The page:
• how likely flooding is, taking into account any risk management measure such as flood defence barriers in the area
  • whether there are any plans for flood risk management measures in the area


Having said this, there are always ways to keep your premiums down and enhance your chances of getting affordable cover. For example:

1. Ensure there is sufficient insulation on water pipes and lagging on the cold water pipe.
2. Get someone to check your property for damage if you’re away for a lengthy period.
3. Mending any leaky taps or radiators.

If larger measures are taken to protect your home, make sure you either tell your insurer or shop around when your cover expires, as your risk level may be lower.

Almost 200 arrests for drink driving in December

Almost 200 drivers have been arrested for drink driving or drug driving offences by Avon and Somerset Police in December.

There have been a total of 180 arrests as part of Operation Tonic – the annual Christmas campaign. Last year 231 drivers were arrested during the same period.

Drivers caught drinking and driving or driving while under the influence of drugs risk a fine of up to £5000, a minimum 12 month driving ban, a criminal record and could end up behind bars and without a job.

Police want motorists to take care during the build-up to the New Year celebrations. Anyone planning to go out and celebrate the New Year is being advised to nominate a non-drinking driver, arrange alternative transport and leave the car at home.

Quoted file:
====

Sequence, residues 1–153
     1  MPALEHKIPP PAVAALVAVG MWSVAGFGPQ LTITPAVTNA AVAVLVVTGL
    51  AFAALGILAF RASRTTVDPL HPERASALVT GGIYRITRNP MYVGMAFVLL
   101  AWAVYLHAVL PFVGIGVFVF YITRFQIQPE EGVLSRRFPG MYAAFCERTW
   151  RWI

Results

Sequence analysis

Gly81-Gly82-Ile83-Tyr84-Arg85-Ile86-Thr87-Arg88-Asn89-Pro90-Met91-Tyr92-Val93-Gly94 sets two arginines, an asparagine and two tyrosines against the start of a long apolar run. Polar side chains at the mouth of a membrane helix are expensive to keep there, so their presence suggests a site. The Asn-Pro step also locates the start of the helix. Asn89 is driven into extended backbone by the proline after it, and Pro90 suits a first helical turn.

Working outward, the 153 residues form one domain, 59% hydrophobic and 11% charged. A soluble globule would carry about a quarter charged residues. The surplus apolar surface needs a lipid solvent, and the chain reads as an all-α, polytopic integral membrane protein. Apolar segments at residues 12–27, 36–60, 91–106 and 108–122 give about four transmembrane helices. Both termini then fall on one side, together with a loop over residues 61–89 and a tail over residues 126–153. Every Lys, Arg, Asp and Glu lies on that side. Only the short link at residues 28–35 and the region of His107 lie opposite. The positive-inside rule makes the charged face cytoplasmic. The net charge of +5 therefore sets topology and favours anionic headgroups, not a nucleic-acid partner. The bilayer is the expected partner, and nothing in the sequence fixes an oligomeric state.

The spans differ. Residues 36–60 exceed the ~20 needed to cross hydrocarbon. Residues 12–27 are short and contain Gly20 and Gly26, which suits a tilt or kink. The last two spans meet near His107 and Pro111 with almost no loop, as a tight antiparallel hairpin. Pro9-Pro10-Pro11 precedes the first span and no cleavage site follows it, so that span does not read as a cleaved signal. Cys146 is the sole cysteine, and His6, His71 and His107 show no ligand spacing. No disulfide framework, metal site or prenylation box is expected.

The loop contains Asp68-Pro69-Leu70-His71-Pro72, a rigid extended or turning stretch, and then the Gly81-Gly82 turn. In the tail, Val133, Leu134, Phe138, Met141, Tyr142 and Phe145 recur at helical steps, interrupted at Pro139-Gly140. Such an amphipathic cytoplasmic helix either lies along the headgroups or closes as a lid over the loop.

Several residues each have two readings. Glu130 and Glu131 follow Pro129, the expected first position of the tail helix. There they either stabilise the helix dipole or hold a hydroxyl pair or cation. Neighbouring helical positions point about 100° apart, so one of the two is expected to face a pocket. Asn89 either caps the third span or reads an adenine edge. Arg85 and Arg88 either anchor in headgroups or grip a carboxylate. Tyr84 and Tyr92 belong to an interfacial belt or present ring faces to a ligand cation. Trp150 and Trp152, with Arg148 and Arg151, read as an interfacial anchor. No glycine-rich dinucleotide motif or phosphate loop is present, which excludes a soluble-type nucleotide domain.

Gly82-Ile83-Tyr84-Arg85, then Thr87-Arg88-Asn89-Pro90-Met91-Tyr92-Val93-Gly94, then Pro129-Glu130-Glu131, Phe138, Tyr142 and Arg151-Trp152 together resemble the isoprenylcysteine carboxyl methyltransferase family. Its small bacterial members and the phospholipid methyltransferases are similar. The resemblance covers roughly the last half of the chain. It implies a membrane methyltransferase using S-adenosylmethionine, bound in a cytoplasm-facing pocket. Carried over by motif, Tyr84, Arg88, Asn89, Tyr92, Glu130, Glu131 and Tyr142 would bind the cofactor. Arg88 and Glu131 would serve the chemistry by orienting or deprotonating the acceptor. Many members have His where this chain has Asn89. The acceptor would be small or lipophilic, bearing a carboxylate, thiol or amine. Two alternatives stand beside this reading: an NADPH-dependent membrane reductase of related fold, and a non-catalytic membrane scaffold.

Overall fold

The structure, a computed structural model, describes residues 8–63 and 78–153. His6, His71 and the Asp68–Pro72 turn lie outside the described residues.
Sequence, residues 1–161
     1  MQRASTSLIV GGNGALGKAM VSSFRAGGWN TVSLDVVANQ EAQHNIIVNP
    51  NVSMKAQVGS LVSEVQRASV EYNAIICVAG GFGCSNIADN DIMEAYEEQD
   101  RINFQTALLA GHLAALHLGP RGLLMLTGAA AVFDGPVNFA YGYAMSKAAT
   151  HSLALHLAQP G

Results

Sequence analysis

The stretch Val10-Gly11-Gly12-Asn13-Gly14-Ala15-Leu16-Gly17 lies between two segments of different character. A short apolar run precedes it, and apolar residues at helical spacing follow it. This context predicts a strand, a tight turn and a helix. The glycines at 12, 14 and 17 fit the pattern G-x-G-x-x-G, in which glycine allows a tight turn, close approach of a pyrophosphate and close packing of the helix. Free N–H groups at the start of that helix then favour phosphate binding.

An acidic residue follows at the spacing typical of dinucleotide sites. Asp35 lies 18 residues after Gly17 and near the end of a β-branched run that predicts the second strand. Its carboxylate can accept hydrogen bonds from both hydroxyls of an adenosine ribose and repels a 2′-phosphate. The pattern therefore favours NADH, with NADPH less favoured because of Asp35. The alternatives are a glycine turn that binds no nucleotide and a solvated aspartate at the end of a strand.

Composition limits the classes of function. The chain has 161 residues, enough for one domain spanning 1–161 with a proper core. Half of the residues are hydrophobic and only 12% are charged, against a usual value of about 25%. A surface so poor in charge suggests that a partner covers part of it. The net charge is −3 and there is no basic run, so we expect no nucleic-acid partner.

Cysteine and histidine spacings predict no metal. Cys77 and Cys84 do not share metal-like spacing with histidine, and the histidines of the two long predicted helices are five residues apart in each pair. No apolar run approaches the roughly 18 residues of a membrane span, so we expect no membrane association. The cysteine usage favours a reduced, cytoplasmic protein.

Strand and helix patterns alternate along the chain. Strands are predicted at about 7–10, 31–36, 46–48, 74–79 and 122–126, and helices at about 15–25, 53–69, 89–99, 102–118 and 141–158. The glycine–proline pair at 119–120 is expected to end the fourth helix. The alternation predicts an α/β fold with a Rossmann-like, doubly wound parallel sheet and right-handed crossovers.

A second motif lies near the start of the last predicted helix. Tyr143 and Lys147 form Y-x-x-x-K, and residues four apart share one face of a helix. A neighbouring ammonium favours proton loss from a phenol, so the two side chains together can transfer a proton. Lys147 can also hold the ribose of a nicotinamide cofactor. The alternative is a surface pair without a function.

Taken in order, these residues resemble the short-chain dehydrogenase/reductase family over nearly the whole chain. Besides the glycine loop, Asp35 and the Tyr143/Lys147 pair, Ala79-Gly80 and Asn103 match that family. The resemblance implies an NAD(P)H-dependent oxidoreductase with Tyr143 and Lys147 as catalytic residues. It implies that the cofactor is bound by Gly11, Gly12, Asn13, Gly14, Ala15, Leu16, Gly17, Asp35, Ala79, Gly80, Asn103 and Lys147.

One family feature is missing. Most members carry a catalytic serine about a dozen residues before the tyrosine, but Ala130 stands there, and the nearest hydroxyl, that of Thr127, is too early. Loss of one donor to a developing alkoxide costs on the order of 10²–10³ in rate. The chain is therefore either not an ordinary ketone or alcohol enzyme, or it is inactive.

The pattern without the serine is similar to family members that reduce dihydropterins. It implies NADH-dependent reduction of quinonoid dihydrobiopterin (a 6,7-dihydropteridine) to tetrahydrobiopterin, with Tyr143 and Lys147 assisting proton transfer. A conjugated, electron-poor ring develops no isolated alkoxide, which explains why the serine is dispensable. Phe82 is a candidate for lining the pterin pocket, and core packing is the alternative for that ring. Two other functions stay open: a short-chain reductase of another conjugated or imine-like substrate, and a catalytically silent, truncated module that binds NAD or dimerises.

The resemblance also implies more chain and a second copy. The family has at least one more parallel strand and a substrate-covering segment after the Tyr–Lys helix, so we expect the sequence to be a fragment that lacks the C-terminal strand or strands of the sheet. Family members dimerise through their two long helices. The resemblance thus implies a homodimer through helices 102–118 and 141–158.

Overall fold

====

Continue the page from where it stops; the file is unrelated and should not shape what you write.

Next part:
Despite the high number of arrests the majority of the public are aware of the dangers of drink and drug driving and are responsible about not getting behind the wheel while impaired.

These people have a big part to play in getting the message across to the minority who are prepared to take a chance.

Traffic Sergeant Pete Stringer said:

“It is concerning that we have made so many arrests since 1 December and it appears that some people just aren’t getting the message.

It is pleasing though, that we are catching people who are prepared to take a risk and getting them off the roads before they can kill or seriously injure someone.

Between now and the new year, officers will be out in force on our roads and if you drink or take drugs and drive we will catch you and you face losing your licence.

People need to understand that drink driving is simply not acceptable and the police will keep making arrests for as long as motorists keep putting lives at risk through drink or drug driving.”

drink driving

Drinking and Driving (drunk driving) is a serious offence and carries a mandatory ban for a minimum period of 12 months.

You can only avoid a drink driving ban if you can defend the allegation, or if you can prove that their were special reasons in relation to the reason why you were driving whilst over the limit.

Breath Readings.

The legal drink driving limit is 35 milligrams per 100 millilitres of breath. If your breath reading is under 50 milligrams then you will be offered a blood or urine test to double check the breath reading. If your blood reading comes out above the drink driving legal limit of 80 you will be charged with drink/drunk driving.

Some defences to drink driving.

  • Showing that you were not driving.
  • Denying that you were driving on a road or in a public place.
  • Arguing that you consumed the alcohol that took you over the drunk driving limit after you stopped driving (otherwise known as a hip flask defence).
  • Denying that you were over the limit and arguing that the police evidence is unreliable.